that, at least initially.

    I've heard at least one suggestion that modern 2N2222s should be avoided
    because, due to the lax specifications, modern processes could be
    dangerously faster than the original, leading to parasitic oscillation where
    you aren't expecting it.

    Personally, I use 2N3904 and 2N4401, which have proper spec sheets.

  7. Hammy

    Hammy Guest

    I wouldnt waste your time. Transistors will be obsolete according to
    HP. ;-)

    I never heard of this (memristors)?

    "Hewlett-Packard scientists on Thursday are to report advances in the
    design of a new class of diminutive switches capable of replacing
    transistors as computer chips shrink closer to the atomic scale. "

    "The most advanced transistor technology today is based on minimum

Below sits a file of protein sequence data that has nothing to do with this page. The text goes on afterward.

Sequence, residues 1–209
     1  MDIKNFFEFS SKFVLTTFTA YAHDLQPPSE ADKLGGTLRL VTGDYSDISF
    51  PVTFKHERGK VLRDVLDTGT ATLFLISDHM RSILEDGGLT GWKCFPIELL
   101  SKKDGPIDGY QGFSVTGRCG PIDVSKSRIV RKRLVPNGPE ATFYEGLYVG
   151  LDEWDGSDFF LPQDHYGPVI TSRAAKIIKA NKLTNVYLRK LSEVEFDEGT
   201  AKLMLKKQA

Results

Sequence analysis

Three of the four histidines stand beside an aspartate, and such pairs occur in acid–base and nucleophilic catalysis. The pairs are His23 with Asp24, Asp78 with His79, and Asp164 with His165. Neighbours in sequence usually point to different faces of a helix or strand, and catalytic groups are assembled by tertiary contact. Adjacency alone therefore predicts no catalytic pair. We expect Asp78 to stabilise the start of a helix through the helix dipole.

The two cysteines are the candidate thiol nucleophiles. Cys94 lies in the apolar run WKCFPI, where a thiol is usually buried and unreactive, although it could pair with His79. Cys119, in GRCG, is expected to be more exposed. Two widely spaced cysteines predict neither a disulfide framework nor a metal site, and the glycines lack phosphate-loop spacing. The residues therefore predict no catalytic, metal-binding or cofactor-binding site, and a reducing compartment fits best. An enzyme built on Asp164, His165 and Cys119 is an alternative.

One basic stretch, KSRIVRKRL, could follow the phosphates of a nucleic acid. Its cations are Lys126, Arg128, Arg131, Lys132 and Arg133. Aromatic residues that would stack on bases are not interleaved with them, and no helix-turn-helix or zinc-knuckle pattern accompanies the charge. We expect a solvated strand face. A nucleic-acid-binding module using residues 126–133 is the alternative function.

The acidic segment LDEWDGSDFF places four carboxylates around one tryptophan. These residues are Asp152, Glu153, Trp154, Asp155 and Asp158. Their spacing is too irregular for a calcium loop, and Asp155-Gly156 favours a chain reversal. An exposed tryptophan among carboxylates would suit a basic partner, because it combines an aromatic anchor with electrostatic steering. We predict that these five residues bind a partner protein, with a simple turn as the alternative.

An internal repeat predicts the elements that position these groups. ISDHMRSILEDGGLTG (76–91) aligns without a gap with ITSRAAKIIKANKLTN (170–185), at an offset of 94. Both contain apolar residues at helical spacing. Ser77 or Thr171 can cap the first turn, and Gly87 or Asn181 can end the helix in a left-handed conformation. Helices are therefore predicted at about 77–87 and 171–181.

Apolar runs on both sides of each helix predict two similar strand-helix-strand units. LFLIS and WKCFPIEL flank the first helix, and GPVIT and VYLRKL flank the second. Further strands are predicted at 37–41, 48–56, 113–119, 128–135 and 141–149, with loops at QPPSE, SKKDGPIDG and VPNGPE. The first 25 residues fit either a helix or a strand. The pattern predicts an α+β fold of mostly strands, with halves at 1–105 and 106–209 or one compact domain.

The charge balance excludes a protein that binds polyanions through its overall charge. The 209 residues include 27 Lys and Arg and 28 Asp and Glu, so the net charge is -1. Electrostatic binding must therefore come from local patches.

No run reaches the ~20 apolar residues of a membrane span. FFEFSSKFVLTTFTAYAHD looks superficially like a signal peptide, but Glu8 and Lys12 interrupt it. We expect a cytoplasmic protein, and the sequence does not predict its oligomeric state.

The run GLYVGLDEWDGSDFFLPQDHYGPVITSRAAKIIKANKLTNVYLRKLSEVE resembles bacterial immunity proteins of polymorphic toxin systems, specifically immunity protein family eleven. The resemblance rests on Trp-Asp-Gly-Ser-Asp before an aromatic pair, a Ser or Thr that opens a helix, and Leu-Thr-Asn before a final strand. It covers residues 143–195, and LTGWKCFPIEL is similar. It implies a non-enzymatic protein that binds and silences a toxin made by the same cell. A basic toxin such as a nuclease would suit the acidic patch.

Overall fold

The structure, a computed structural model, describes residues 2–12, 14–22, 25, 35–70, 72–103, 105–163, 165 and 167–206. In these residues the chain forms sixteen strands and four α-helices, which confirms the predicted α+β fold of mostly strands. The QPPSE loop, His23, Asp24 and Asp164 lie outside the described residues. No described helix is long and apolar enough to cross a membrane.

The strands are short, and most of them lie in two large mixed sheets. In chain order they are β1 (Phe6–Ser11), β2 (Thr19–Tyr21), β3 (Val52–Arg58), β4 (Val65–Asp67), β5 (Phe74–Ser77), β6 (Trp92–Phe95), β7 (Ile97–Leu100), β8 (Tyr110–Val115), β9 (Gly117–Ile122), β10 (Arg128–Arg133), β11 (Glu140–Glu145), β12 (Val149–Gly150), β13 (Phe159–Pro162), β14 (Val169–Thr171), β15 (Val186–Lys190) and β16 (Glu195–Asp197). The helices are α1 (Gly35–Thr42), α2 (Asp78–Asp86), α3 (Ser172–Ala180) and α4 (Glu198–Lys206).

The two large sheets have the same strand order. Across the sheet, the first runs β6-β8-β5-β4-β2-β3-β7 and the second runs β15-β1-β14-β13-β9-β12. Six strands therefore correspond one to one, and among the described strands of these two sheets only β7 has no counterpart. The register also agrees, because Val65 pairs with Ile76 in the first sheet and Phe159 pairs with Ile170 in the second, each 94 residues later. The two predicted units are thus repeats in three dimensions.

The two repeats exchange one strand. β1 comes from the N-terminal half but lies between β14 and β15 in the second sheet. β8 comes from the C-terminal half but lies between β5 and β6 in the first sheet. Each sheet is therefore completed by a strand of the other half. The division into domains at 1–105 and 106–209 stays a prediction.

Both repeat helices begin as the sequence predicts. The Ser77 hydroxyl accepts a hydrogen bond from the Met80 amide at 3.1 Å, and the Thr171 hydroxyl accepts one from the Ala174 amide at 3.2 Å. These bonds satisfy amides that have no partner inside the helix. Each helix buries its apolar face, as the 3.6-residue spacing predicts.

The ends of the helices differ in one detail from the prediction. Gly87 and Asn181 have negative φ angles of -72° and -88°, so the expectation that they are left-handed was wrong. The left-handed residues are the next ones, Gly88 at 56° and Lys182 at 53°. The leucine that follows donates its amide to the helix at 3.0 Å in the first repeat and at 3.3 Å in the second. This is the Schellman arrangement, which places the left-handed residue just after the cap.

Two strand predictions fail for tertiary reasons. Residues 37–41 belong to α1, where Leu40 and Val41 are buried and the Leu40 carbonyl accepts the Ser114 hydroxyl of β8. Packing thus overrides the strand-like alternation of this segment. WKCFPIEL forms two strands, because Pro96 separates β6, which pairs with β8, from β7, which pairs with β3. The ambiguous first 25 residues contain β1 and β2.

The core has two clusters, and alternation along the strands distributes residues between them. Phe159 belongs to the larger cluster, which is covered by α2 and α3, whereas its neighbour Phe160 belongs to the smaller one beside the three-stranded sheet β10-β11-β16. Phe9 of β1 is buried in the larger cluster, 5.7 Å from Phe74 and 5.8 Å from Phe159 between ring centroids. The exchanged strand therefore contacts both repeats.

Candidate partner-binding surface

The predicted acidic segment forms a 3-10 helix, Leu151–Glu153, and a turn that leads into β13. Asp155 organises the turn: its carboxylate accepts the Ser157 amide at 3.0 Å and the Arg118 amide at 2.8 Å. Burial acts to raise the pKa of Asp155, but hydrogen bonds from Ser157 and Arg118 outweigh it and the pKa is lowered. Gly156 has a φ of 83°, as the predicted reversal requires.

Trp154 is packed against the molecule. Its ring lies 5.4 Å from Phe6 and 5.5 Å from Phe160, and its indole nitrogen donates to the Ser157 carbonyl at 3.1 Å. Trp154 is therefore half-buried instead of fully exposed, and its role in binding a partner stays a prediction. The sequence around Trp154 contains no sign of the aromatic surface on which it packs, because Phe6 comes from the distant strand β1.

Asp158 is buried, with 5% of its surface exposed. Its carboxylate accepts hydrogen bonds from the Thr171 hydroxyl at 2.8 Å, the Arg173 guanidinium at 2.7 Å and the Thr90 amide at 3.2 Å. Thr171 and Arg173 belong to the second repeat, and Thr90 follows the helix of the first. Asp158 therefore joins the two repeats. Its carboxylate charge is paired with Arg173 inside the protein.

feature sizes of 30 to 40 nanometers — by contrast a biological virus
    is typically about 100 nanometers — and Dr. Williams said that H.P.
    now has working 3-nanometer memristors that can switch on and off in
    about a nanosecond, or a billionth of a second. "
  8. Tim Williams

    Tim Williams Guest

    Wow, that's slow. I have 2N3904s that avalanche faster than that!

    'Course, they're referring to the memristance effect, which is fundamentally
    different. When it comes to moving ions in a crystal, that's not too bad.

    Heh...speaking of moving ions... wouldn't the gate threshold voltage
    hysteresis of sodium impurities have a similar effect? But since it's on a
    gate, it would be more of a transmemristance effect? :) I wonder if a
    couple sodium ions buried into a regular DRAM cell could have any useful